Specialty Food Magazine

SUMMER 2015

Specialty Food Magazine is the leading publication for retailers, manufacturers and foodservice professionals in the specialty food trade. It provides news, trends and business-building insights that help readers keep their businesses competitive.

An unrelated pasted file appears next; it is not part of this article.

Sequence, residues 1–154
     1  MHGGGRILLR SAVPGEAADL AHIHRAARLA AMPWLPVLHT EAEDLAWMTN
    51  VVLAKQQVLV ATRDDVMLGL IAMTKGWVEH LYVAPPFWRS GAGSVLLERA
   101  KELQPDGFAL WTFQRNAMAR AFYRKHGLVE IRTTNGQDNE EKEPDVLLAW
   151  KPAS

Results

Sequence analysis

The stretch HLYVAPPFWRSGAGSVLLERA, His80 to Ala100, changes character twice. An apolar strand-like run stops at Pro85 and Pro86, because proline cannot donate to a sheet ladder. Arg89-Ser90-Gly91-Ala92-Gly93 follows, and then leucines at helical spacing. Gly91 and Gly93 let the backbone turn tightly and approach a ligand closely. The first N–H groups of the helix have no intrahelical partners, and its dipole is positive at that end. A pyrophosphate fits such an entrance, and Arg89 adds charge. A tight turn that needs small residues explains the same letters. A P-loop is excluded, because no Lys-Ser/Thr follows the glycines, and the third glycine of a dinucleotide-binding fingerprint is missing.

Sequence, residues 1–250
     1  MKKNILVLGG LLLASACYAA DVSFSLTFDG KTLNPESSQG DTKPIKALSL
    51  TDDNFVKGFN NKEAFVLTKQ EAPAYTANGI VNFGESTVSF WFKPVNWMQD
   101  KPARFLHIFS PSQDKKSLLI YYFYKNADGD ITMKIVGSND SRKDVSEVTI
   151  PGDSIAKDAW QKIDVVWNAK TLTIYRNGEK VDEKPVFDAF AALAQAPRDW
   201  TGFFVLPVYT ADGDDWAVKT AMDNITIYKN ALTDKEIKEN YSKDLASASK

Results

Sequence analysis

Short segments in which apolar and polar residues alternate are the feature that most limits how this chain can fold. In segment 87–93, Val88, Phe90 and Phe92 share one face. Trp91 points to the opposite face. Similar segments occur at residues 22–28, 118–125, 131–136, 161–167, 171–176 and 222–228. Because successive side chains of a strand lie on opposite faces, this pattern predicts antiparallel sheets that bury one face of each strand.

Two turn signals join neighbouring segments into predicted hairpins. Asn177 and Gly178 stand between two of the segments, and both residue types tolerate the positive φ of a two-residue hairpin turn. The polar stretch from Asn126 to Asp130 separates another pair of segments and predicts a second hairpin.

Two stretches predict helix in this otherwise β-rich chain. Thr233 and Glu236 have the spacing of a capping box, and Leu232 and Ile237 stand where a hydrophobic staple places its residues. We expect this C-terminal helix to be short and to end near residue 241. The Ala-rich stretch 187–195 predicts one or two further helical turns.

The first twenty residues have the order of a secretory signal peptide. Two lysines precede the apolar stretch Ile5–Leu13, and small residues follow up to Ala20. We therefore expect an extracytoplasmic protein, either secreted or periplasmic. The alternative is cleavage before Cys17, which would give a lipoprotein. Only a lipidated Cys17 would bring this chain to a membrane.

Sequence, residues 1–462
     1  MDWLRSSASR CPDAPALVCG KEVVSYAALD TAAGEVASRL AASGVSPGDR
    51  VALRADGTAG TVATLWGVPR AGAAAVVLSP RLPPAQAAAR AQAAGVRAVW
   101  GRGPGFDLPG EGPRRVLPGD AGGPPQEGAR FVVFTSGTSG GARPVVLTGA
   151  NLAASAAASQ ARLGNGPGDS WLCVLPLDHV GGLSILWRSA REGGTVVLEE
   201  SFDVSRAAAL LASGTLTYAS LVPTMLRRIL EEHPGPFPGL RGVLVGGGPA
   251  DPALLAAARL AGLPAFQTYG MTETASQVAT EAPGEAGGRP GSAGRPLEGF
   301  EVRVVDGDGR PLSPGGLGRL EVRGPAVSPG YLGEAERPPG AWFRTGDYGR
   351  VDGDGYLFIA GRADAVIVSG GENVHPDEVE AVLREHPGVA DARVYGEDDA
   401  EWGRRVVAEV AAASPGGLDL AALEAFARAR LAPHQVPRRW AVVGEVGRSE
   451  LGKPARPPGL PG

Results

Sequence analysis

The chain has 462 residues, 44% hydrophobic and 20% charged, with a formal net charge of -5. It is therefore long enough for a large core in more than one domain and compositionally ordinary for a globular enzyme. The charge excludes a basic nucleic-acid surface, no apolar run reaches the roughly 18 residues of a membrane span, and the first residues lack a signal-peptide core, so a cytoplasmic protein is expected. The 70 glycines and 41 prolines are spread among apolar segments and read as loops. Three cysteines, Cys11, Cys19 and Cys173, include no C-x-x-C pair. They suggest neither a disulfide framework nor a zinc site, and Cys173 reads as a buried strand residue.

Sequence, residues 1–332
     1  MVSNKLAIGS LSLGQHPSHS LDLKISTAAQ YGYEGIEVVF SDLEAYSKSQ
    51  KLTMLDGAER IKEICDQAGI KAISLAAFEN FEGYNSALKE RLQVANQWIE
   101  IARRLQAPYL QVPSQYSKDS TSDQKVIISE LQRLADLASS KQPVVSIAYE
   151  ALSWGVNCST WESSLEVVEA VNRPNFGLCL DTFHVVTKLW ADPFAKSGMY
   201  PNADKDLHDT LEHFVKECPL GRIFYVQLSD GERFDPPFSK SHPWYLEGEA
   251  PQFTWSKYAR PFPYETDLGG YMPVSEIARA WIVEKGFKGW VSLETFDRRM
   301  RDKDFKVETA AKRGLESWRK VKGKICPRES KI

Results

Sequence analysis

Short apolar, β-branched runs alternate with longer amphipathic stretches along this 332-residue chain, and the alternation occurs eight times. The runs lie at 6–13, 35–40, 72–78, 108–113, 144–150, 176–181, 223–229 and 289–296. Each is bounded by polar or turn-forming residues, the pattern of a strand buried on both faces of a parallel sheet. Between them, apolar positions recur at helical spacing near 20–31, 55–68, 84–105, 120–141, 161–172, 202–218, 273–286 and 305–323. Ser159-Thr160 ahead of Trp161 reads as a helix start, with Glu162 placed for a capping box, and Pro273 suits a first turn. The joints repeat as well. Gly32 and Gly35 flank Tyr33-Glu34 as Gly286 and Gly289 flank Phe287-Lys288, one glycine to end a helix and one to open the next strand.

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tions. The store even offers online ordering and grocery delivery within two hours. Smaller still, Minneapolis-based Simpls promises the expe- rience, variety, freshness, and quality of a farmers market, but jam-packed into a 1,000-square-foot convenience store format. The retailer carries products from specialty manufacturers such as B. T. McElrath Chocolatier and Joia Life All Natural Sodas, and also serves local specialties, healthy grab-and-go meals, and kom- bucha on tap. Even more oriented toward speed and convenience, The Cube in Norman, Oklahoma, is a prototype drive-through store that sells everything from freshly made breakfast burritos, craft beer, and lattes to dog food, diapers, and toothpaste. The Cube allows cus- tomers to place an order and pick up everything they need without ever leaving their cars. While it deliberately employs modern architecture to move away from the standard concept of a c-store, Rosenblum muses it can come across more like a fast-food restaurant than a conve- nience store. Still, this new crop of retailers believes they're filling a growing niche. "I think stores that fill the gap between bodega and super- market will continue to grow in popularity," says Hopcroft. "The experience of going to a traditional grocery store, especially just for a few items, is so bad [that] the opportunity for stores like ours, especially in residential urban areas, is huge." The Appeal for Large Retailers Shifting consumer preferences have led mid-size and large chain gro- cery stores and big-box retailers to offer new retail concepts to stay relevant with today's shoppers. Companies like Walmart and Kroger have already opened smaller concept stores, some of which cater to urban markets, while others fill a void in rural food deserts. While Walmart's Neighborhood Markets have been around since 1998, the company recently rolled out more than 200 new, smaller-footprint stores. Walmart Stores president and CEO Doug McMillon said at a recent investor presentation that the company expects to continue expanding in the convenience market. "Time is the new currency," he said. "Our shoppers want convenience, and we recognize that shopping in one of our supercenters isn't always convenient. Hence, we will continue to build out Neighborhood Markets and Walmart- to-Go." Sendik 's Food Markets, with 12 locations in the Milwaukee area, recently announced plans to expand its Fresh2Go convenience store model, which allots more space for fresh produce and prepared foods like sandwiches and salads. In the United Kingdom, grocery giant Tesco has embraced two different types of smaller-format stores, with Tesco Metro catering GROCERY GIANTS GO SMALL Large grocery chains are increasingly entering the convenience business, a move that Craig Rosenblum, partner at retail consulting firm Willard Bishop, calls a strategic play to enter new markets where a smaller format would be more suitable. As shoppers are increasingly turned off by traditional grocery stores and supercenters both in the United States and the United Kingdom, executives at those stores are admitting, with new concept stores, that smaller might actually be better. H-E-B. In an effort to stay competitive with Walmart's Neighborhood Markets, Texas-based grocer H-E-B is said to be exploring the option of opening small-format stores. At 12,000 square feet, the proposed stores will be more like a mini market than a typical convenience store, but remain far short of a typical 80,000-square- foot H-E-B store. The chain is conferring with Canadian retailer Sobeys on best practices, as that merchant has seen success with smaller convenience stores. Kroger. The Ohio-based retailer has opened several Turkey Hill Minit Markets in the Columbus area in an attempt to find its place in the convenience sector. At around 7,500 square feet in size, the convenience stores are just a fraction of Kroger's usual 67,000-square-foot grocery stores. Turkey Hill offers both typical convenience-store fare like hot dogs and pizza by the slice, as well as grocery staples, good-for-you options, and even a gas station and car wash at some locations. Tesco. U.K. grocery giant Tesco is experiencing a boom in its Tesco Metro and Tesco Express convenience stores abroad, though its Fresh and Easy small-format stores struggled initially in the U.S. While 50 of its 167 stores are closing, the chain plans to make a comeback stateside with new concept stores that will fall between 3,000 and 5,000 square feet and offer fresh convenience with produce, made-to-order sandwiches, and a beverage bar. Fresh and Easy is working with ADMI, the San Francisco design firm that designed the Apple stores. 28 ❘ SPECIALTY FOOD MAGAZINE specialtyfood.com

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